In Village Farms there is land to meet the 25%. So why not build them?
     Secondly, through; Dos Pinos (limited equity co-op), Greene Terrace (limited equity condo), Aggie Village (UCD Land Trust) and the city’s own for sale single family homes (limited gain) we have over 200 permanently affordable for sale homes. These have all helped bring housing costs down and provided moderate gains of equity for hundreds of median income families since Dos Pinos in 1985 and they all go on serving middle income families on into the future.
     Why none of those models?
     Only 16.7% of the units at Village Farms are permanently affordable. The other 17.2% go to market rate the day after they sell ((310 homes immediately lost in a day).
     So I think it wrong to say that 33.7% is the total number of units of affordable housing.
    .David J Thompson, my own opinions and not representative of Neighborhood Partners, LLC or Twin Pines Cooperative Foundation.

  3. Tim Keller

     Only 16.7% of the units at Village Farms are permanently affordable. The other 17.2% go to market rate the day after they sell ((310 homes immediately lost in a day).

    Wow… are you saying that i could buy one of those homes, build it, and then immediately flip it for a higher price?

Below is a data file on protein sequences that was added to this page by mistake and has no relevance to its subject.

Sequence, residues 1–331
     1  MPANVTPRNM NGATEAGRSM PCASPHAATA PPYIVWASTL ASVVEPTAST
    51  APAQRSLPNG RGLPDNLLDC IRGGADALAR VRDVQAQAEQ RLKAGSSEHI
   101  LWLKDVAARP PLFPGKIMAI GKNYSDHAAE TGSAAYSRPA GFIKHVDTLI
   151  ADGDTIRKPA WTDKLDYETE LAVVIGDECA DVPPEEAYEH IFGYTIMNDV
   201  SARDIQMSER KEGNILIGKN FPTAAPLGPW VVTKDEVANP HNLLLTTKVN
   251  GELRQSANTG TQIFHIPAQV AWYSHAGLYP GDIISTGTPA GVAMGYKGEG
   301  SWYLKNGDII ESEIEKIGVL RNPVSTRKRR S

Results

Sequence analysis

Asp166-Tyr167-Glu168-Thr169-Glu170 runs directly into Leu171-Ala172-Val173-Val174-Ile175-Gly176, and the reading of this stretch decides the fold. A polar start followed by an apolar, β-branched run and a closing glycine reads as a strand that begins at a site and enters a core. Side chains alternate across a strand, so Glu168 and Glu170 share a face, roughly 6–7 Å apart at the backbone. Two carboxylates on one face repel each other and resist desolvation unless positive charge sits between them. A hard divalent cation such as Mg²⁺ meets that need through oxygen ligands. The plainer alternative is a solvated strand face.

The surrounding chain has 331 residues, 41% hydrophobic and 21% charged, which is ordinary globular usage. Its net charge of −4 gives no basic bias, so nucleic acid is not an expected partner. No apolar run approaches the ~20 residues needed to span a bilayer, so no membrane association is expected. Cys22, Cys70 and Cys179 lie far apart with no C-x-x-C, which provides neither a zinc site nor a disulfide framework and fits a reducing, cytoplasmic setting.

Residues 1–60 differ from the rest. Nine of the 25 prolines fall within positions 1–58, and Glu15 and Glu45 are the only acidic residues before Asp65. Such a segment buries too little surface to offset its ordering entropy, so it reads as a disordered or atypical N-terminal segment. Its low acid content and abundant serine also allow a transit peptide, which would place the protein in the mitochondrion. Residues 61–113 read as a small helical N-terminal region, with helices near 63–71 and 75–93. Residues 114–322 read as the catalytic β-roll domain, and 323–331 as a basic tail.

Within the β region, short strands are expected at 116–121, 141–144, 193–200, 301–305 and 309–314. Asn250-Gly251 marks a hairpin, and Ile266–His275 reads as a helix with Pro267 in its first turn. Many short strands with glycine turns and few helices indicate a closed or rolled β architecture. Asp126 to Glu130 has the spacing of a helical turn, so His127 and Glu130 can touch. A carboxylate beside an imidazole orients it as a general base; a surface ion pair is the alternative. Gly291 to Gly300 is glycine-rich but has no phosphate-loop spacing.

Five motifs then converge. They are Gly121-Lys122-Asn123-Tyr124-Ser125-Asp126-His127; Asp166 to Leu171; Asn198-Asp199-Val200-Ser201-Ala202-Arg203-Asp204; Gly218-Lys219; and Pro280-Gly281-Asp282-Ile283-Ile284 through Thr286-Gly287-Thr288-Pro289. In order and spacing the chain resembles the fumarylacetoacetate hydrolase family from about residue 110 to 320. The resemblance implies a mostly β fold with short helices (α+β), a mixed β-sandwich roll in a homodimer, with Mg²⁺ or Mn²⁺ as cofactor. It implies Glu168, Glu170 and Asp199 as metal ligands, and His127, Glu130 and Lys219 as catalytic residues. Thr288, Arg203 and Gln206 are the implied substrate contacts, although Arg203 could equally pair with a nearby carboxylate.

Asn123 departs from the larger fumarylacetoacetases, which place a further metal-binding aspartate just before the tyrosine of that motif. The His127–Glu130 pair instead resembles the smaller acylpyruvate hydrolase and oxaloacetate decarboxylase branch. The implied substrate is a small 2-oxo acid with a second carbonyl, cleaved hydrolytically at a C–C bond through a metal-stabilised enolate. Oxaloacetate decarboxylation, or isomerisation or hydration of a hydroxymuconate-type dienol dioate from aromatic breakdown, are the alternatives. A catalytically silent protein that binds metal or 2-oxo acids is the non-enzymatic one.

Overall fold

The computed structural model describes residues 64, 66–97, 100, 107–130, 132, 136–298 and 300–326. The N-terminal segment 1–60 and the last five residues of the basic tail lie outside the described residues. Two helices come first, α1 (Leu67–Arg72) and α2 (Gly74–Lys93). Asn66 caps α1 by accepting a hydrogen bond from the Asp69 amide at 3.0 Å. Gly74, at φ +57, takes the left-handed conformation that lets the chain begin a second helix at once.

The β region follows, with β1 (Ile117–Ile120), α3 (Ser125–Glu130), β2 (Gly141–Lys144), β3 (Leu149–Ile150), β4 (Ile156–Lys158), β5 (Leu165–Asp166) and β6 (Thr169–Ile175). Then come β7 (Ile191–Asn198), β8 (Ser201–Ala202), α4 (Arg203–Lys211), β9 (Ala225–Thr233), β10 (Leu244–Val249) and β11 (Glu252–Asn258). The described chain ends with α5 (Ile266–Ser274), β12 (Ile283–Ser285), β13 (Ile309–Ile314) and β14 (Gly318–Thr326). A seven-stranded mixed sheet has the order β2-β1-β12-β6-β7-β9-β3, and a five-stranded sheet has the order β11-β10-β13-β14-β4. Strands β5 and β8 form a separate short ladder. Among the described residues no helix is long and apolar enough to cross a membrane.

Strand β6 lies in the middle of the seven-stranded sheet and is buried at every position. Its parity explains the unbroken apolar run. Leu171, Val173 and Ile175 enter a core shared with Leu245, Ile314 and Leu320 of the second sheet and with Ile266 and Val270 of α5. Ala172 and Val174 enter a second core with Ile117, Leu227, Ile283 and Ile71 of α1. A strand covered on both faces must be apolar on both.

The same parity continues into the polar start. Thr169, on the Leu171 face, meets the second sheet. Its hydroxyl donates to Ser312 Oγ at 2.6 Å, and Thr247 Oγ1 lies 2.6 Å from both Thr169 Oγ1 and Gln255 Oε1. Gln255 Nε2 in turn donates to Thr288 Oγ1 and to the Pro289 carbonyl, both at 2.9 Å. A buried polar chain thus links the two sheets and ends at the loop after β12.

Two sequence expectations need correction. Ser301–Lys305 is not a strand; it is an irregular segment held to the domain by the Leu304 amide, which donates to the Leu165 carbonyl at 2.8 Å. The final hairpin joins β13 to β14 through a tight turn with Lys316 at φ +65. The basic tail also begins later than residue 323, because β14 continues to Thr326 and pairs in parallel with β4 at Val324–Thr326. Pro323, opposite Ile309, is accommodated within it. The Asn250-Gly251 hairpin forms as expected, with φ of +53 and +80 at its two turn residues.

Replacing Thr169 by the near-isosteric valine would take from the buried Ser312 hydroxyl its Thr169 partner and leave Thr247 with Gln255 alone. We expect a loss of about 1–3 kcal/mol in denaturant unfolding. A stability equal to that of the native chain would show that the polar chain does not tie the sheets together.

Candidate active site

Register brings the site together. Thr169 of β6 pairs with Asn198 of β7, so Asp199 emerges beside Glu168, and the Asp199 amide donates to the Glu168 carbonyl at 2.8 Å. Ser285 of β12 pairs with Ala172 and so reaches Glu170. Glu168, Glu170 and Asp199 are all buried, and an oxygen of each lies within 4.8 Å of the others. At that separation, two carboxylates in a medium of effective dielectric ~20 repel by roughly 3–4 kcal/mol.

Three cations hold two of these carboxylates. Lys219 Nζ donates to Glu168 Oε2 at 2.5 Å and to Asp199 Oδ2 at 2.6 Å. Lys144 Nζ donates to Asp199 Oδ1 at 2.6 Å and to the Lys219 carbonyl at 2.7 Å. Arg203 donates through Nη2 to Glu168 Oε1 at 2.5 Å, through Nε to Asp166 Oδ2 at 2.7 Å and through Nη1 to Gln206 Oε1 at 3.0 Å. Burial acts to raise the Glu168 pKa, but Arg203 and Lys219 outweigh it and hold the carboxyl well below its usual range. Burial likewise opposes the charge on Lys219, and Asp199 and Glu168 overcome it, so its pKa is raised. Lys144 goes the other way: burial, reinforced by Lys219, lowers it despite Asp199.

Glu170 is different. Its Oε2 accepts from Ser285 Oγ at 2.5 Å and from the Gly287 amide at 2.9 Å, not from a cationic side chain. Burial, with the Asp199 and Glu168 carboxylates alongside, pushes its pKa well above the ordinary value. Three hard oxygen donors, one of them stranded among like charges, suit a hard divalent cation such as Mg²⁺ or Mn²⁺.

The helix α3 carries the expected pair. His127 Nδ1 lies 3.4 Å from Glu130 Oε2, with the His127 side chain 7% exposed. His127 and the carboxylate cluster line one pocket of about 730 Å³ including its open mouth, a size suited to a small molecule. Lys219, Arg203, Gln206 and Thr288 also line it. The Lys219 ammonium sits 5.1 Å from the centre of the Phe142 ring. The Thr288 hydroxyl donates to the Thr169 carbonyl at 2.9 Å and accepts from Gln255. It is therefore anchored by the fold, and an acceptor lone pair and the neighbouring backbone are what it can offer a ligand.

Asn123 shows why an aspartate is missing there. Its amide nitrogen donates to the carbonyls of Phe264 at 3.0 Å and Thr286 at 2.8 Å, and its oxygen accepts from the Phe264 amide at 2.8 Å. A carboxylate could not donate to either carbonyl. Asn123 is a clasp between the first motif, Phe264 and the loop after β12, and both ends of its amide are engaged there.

If that is the case, we can probably expect 100% of those houses to be purchased by professional real estate investors and re-sold…  So NONE of them would actually ever truly be “affordable”. ?

    1. Mark West

      “Wow… are you saying that i could buy one of those homes, build it, and then immediately flip it”

      Yes, based on the history of affordable housing programs in town. Primary reason why I argue that the City should have no involvement in any for-sale affordable housing program.

  4. David Thompson

    Dear Tim,

    As best I understand the Villlage Farms program the day after those ‘starter’ homes are bought they go to market value. There will likely be a requirement that you must hold it for two years.

    However, in  reference to Mark’s comment, the previous programs have all been ‘played’ and a number of buyers have walked  away with the full windfall before the two years are up.

    I intend to write an article about the affordable for sale bonanza. You’ll’ be shocked at what I will reveal.

    That is why I promote limited equity co-ops and condos, housing trust models and the city’s own limied gain for sale homes to ensure long term affordability of those homes for moderate income families.

    We should not be using government planning approvals to award private windfalls to lucky individuals.

    David J Thompson, my own opinions and not representative of Neighborhood Partners, LLC or Twin Pines Cooperative Foundation.


    1. David Greenwald

      David –

      As Whitcombe explained to me last year, it’s a bit more complicated. The way they are doing it is by retaining about 15% of the ownership on the house. So the initial buy – the buy gets 85% ownership, his company retains 15%. So for a $600,000 home, the buy pays $510,000 that they only have to take a loan on that amount. But it also allows them to retain the ownership over time, so that when the house sells, they retain that 15 percent ownership and the reduction in cost is passed on to the next buyer.